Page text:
How about that? Well, during that time, the Bible says in Isaiah, you remember this passage? "And a little child shall lead them, the nursing child shall play on the cobra's hole, and the weaned child shall put his hand in the viper's den". In the millennium, there will be children. Dr. J. Vernon McGee, one of my favorite people in all the world, said this: "I believe with all my heart that God will raise the little ones such that the mother's arms who have ached for them will have the opportunity of holding them, and the father's hand, which never held the little hand, will be given the privilege. I believe that little ones will grow up in heaven in the care of their earthly parents if they are saved".

So you may think your parenting days are over, but when you go to heaven, if you got little ones up there, you're going to have to bring them up, but you have to bring them up in a perfect environment. You don't have to do anything, just show up, amen. So on the basis of God's character and salvation's condition and Jesus's compassion and David's child, I could say with authority that little children, infants, unborns, when they die, they go straight into the arms of Jesus in heaven. There was a family whose baby boy had died, and their little girl came to the mother and asked her where her baby brother had gone, and the mother said, "To be with Jesus".

A few days later the mother was visiting a friend and said to this friend, "I am so grieved to have lost my baby". And the little girl overhearing her mother came to her and said, "Mama, is something lost when you know where it is"? "Of course not," replied the mother. "Well, how can Baby be lost when he's gone to be with Jesus"? Not lost. Isn't that a wonderful truth to remember? Little ones are in heaven.

You know, when I got out of seminary, I went to the Haddon Heights Baptist Church in New Jersey to be... I know you're going to laugh at this, the youth pastor and the Christian ed director. And I wasn't there very long before the pastor came to me and he said, "I'm going to take a little time off, three or four days, and I want you to be in charge while I'm gone". I wasn't ready to be in charge of anything, and I was deathly afraid that while he was gone something would happen that I wouldn't know what to do, and I was absolutely right. And the second day he left, I got a call from his secretary. She said, "You need to go over", and she told me the name of the couple, to their house. "Something really tragic has happened".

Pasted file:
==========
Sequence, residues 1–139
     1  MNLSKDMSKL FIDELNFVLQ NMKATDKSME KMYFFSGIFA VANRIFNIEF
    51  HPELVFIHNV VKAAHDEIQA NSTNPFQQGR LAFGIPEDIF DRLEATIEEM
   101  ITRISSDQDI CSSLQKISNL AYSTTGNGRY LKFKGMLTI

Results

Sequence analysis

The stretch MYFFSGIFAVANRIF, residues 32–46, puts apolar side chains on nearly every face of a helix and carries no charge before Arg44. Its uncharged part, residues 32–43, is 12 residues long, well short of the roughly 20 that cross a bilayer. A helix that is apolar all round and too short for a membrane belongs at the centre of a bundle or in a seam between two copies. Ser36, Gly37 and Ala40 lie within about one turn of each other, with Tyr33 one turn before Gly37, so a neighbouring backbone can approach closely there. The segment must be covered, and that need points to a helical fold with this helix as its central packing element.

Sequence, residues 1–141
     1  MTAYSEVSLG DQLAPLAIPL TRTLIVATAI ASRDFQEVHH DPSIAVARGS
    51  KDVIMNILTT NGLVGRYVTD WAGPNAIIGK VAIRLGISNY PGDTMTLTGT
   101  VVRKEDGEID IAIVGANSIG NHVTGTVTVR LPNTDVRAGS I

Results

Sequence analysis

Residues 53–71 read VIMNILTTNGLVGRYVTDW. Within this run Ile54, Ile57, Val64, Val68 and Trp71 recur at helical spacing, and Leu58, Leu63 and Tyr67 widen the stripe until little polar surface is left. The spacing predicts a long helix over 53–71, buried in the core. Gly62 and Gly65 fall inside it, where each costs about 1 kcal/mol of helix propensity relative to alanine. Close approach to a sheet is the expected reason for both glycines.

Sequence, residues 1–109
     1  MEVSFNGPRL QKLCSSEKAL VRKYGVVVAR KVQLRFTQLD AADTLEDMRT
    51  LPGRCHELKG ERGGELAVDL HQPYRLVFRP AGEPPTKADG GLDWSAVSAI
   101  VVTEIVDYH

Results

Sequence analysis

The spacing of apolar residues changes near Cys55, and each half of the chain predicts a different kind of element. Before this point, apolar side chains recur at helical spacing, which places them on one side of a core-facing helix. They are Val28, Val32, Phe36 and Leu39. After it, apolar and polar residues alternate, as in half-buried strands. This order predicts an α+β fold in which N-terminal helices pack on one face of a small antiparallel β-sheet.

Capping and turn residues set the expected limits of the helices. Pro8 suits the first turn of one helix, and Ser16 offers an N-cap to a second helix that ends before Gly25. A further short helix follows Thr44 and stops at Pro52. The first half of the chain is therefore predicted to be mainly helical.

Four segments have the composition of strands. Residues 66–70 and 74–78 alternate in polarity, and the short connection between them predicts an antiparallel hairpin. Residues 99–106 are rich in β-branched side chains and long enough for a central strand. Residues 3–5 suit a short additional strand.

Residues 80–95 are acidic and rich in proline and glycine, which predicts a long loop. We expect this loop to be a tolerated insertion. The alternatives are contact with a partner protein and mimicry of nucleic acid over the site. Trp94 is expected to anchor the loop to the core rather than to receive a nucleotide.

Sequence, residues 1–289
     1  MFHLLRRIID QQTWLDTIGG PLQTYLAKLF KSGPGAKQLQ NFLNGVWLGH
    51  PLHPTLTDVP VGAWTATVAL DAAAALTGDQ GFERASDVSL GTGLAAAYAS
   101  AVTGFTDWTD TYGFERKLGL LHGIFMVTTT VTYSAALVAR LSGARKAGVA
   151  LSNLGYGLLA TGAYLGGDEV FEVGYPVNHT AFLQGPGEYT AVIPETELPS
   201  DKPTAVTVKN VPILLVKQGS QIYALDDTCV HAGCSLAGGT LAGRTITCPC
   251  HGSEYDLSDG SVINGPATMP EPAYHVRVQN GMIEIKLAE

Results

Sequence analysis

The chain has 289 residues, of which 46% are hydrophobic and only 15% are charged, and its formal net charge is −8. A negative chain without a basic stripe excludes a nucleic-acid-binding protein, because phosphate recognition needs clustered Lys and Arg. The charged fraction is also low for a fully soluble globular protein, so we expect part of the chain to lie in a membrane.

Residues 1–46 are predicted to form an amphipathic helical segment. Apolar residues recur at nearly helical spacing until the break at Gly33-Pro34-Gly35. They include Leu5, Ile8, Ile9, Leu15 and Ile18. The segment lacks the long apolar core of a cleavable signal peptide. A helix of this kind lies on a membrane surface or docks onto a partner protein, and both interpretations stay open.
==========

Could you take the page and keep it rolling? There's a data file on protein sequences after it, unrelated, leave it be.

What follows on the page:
So I went. And when I walked in, they were in tears. Their little girl had died. It was a crib death. We used to have those all the time a long time ago. Remember that? And so I had to go and minister to those people, and I had a funeral for that little one, the first funeral I ever had, and it was the hardest funeral I've ever had in 50 years. Children are not supposed to die before their parents. Someone once told me that a death of a child is like a period in the middle of a sentence.

But here's the good news, if you can just believe it. Even if that happens, as tragic as it may be, God has got you. He's got your back, he's got your heart, he's got your soul, and he's got your future, and you've got something to look forward to. One day you will see that little one again. And if you know people that have gone through this struggle, you tell them that. You remind them that. You tell them the story of David. That's the best thing you could ever do. And you let them know that God is a gracious, compassionate, loving God, who cares for your children and mine. Can I get a witness? Amen, yeah.